Inside Frank Bruni’s Revolutionary Medical Trial

Patients of NAION were told they’d slowly become blind and that there was no hope to salvage their sight—until now.

eye vision naion frank bruni new york times marc dinkin weill cornell medical college new york presbyterian glaucoma blindness macular degeneration high low blood pressure optic nerve rna injection quark nordic neurophthalmology

Photo Illustration by Daily Beast

On Friday, New York Times columnist Frank Bruni published a moving essay about his diagnosis of nonarteritic anterior ischemic optic neuropathy, commonly referred to as NAION—or, as Bruni writes, “more colloquially called ‘a stroke of the eye.’”

Bruni writes of feeling hopeless and afraid in the wake of his diagnosis—but while he grapples with the chance that he could go blind, his doctor offers some hope.

“This is bad, isn’t it?” I asked Dr. Moazami.

“This is bad,” she answered, then added, after an awkward pause: “I’m sorry. I have nothing to offer you.” But wait, there was one thing: a clinical trial of an experimental treatment, and she could tell me how to get into it—if I wanted to go that route. I did. So I soon added a new, time-consuming dimension to my already busy life. I became an ophthalmological guinea pig.

Frank Bruni

Bruni elected to take part in the world’s largest clinical trial of NAION, which is in the midst of testing a groundbreaking injection of RNA that could delay, maybe even stop, the progression of a disease that can eventually rob its patients of sight.

Marc Dinkin is the director of neuro-ophthalmology at Weill Cornell Medical College at New York Presbyterian. He’s the principal site investigator for clinical trials there—which are part of a group of others that are being run with patients around the country, one of whom is Bruni.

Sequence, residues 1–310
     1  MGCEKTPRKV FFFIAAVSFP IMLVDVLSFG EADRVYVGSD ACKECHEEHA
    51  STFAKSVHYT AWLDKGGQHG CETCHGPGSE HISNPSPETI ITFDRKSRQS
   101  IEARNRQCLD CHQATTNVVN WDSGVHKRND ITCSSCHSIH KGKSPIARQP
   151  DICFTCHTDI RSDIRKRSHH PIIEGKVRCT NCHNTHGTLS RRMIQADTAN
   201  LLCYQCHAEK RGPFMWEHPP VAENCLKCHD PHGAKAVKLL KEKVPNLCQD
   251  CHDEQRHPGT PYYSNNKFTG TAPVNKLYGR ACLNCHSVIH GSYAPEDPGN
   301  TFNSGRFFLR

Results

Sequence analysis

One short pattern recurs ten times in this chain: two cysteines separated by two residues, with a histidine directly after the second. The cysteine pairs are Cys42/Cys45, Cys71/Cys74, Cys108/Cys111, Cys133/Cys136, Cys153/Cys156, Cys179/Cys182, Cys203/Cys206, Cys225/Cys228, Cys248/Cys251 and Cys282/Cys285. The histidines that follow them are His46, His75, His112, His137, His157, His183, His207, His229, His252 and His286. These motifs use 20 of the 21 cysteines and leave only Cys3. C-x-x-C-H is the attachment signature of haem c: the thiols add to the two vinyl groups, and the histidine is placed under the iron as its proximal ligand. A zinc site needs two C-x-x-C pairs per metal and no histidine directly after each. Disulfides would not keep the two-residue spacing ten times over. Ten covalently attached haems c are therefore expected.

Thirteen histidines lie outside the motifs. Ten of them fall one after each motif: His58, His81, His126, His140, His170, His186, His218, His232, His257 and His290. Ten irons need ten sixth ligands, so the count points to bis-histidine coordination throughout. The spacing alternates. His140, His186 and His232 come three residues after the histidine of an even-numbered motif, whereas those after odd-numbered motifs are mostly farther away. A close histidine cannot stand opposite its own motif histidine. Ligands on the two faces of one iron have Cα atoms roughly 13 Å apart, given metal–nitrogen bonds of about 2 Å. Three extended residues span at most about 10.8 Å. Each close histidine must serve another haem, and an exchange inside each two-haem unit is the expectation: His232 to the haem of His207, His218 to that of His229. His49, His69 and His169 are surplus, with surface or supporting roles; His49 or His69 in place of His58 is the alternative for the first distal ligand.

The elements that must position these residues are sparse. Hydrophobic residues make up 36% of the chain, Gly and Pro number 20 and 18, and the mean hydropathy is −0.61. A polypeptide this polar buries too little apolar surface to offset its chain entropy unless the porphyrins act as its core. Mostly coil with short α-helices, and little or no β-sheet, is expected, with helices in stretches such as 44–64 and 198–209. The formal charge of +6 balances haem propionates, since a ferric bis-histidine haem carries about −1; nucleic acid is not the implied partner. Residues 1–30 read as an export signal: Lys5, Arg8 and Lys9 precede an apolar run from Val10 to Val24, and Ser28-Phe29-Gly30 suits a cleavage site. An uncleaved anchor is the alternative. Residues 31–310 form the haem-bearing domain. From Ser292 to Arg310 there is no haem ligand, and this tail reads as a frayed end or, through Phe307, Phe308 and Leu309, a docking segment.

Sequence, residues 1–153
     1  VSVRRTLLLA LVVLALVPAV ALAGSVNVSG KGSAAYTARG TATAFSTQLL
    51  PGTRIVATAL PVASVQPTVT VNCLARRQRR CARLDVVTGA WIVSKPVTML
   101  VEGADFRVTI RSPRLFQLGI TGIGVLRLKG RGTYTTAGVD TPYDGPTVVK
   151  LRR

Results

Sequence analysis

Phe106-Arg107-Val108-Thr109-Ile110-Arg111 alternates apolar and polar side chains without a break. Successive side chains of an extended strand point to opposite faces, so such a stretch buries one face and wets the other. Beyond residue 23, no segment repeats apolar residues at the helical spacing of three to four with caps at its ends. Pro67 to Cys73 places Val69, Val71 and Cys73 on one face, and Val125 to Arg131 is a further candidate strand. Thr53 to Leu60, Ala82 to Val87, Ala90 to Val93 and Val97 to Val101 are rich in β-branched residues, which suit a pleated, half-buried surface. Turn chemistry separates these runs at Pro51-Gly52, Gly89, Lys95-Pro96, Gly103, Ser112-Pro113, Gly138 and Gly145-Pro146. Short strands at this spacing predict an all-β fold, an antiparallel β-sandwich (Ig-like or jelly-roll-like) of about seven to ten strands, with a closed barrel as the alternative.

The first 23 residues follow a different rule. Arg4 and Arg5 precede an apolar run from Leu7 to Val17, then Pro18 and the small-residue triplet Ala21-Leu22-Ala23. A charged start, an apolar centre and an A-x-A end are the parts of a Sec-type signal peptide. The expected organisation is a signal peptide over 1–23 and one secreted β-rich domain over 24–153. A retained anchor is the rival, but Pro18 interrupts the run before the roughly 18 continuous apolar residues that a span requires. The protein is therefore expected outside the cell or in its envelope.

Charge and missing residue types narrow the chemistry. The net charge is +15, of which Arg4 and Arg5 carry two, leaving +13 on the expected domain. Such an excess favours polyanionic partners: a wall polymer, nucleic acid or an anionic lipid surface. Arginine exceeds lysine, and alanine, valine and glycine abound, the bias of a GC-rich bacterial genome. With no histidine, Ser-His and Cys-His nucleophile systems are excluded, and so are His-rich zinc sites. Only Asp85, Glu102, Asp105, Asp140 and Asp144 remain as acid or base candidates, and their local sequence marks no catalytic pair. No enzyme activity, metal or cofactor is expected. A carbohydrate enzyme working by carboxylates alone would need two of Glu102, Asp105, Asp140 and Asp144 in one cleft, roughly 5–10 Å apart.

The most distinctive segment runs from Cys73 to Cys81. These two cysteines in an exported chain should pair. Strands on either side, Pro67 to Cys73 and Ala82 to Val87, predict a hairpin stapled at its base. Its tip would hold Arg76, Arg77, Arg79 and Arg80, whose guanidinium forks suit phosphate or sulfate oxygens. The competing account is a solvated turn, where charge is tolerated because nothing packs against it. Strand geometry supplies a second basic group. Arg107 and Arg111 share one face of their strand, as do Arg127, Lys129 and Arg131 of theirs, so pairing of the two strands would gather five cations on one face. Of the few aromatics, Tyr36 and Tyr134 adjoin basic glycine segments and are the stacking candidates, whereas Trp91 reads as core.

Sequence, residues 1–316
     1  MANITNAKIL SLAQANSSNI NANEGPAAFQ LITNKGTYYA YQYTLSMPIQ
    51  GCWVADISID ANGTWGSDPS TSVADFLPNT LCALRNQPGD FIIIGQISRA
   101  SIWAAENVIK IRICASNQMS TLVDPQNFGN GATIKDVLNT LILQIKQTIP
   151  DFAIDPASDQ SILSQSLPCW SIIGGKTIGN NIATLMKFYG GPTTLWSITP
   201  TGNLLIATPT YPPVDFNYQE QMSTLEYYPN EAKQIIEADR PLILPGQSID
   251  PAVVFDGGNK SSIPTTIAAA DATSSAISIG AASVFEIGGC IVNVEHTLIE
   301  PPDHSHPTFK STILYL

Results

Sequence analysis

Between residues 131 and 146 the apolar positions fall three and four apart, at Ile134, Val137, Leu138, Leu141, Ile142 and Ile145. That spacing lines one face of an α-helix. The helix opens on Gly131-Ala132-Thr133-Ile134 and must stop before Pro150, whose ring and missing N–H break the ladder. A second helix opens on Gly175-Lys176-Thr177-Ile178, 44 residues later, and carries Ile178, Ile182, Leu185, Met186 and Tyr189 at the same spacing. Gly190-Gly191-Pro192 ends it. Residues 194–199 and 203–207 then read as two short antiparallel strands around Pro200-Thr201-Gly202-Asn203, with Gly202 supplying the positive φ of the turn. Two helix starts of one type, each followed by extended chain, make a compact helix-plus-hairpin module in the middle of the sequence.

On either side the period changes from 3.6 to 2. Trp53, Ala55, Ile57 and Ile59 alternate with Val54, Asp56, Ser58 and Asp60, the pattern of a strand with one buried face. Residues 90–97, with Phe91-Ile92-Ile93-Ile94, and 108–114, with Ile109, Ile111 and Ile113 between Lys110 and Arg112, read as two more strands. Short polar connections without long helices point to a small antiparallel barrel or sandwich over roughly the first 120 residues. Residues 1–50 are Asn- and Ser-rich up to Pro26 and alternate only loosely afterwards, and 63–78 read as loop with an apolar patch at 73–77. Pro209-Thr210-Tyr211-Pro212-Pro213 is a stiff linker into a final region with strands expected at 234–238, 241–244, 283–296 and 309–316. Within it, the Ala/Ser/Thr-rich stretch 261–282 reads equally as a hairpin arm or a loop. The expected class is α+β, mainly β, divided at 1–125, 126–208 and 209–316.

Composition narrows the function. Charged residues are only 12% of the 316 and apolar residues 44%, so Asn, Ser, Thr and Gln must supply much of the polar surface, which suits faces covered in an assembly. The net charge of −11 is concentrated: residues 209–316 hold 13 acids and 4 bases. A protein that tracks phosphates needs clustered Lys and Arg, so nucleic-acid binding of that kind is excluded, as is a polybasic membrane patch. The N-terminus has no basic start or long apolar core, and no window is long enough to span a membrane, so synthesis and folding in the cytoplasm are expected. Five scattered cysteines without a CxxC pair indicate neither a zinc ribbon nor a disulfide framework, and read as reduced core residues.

“I’ve received about 50 phone calls today alone,” he told The Daily Beast about the surge in interest in the condition since Bruni published his column. Dinkin said that while it’s not a super rare disease, it’s one that’s much less common than other visual ailments that typically strike the 50+ age group. “It’s received a lot less [media] exposure, partly because its estimated annual incidences is anywhere between two and 10 cases per 100,0000. The incidence in the population is less than glaucoma and macular degeneration.”

Bruni might have singlehandedly vaulted NAION into the public consciousness with his piece, and it’s something that Dinkin thinks is important, particularly given the growing elderly population of this country.

That Bruni and neuro-ophthalmologists both refer to the sudden fuzziness in sight as an ‘eye stroke’ is indicative of what doctors believe is going on.

NAION’s origin story is murky. Scientists believe it occurs overnight, when the optic nerve in the eye faces lower blood flow from decreased blood pressure.

The optic nerve is the part of the eye that transmits impulses from the retina nestled at the back of the eye to the brain. It acts as a visual information transmitter, informing the brain about an image’s brightness, contrast, and more. What we see, in other words, is thanks to the optic nerve—which means any damage to it is detrimental to our sight function.

Bruni describes waking up one morning and seeing what he described variously as a “blob of petroleum jelly” and “a thick, dappled fog.” Dinkin said the two aspects of Bruni’s description—the morning onset and the sudden blurriness in vision—are key indicators that a person might be showing signs of NAION.